Ten things I've learned from road tripping through Saskatchewan
1. My hockey family is amazing. This trip only came to be because of one hockey family, and almost didn't happen because of trades three days before I was supposed to leave. It was saved by another hockey family who changed some of their plans, and rearranged stuff to be able to fit me in.
2. It's cold in January in Saskatchewan. Like wearing tons of layers and still feeling like your face is going to fall off kind of cold. And the crazy thing is, it was actually warm compared to the weather they usually have at that time of year. Seattle is practically tropical after hanging out in -18 F weather (-28 C for my Canadian friends) Also, if you spend enough time in cold Sask weather, you find yourself thinking that 3 degrees is warm.
-18 windchill but we wanted to see the river
3. Saskatchewan hockey fans are friendly, even when your team wins. The best part is that none of them questioned why I'd come all the way from Seattle to watch my team play. They just seemed to understand.
4. There is a lot of flat land in Sask. Like miles and mile and miles and miles of it. But it's beautiful, and there's something magical about being out in the middle of nowhere with very few people or cars. Parts reminded me of Northern Idaho where I grew up, with miles of farmland and tiny towns that you may miss if you happen to blink.
5. A hockey rink is a hockey rink. They come in all shapes and sizes, and they are filled with fans cheering for their teams no matter where you are. But, we are pretty spoiled in our barn with our leg space, elbow room, comfy seats, and warmth. And Seattle fans really are a special breed. I can see why our boys talk about us when they say what they love about playing here. So many of the rinks were half empty, and quiet. And even if it was full, it was still so quiet. We don't know how to do quiet as fans here in Seattle, and I'm quite proud of that. I also learned that three Seattle fans yelling and whistling for our boys can make quite a bit of noise in a rink like Prince Albert. I'm pretty sure I heard us echoing. Hopefully the boys could hear us too.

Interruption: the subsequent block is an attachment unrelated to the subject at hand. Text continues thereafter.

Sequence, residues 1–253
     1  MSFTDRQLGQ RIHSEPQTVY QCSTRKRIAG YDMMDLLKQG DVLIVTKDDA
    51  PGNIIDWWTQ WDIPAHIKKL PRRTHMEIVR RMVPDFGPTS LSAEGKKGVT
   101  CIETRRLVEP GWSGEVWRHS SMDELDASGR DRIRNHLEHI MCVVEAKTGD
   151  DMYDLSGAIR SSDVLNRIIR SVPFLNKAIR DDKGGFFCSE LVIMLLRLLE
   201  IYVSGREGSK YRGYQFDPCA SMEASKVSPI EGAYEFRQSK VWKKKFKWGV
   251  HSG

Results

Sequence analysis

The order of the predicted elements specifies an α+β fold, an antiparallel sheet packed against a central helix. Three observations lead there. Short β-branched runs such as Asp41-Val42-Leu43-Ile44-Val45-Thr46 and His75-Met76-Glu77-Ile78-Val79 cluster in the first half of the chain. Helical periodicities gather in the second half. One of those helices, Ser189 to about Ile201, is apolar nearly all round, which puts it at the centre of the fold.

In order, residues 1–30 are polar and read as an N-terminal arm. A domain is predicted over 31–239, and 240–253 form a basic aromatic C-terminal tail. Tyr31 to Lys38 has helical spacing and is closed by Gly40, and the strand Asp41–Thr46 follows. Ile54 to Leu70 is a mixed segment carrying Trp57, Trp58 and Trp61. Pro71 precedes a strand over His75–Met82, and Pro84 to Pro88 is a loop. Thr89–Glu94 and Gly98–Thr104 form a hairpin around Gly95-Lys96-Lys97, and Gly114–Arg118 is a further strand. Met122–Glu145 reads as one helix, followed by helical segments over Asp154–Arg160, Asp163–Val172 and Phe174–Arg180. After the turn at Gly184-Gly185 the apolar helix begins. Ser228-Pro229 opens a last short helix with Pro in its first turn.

Speaking of PA, two things. It's definitely my favorite rink that we went to. It's small and compact, like someone took a regular rink and squished it. The suites are wooden boxes with office chairs. But I loved it. It had a hometown hockey feel to it, an intimate feeling that made it so much fun to be in. The second thing about PA? The game my boys played there was probably the best one I've ever seen them play. 100 percent of the team gave 110 percent every single shift. They dictated play for the top team in the CHL for the full 60 minutes, and I loved every minute of it. If we can even come close to replicating that in future games, we can win. A lot. The boys came together and played for each other, and it was a beautiful thing.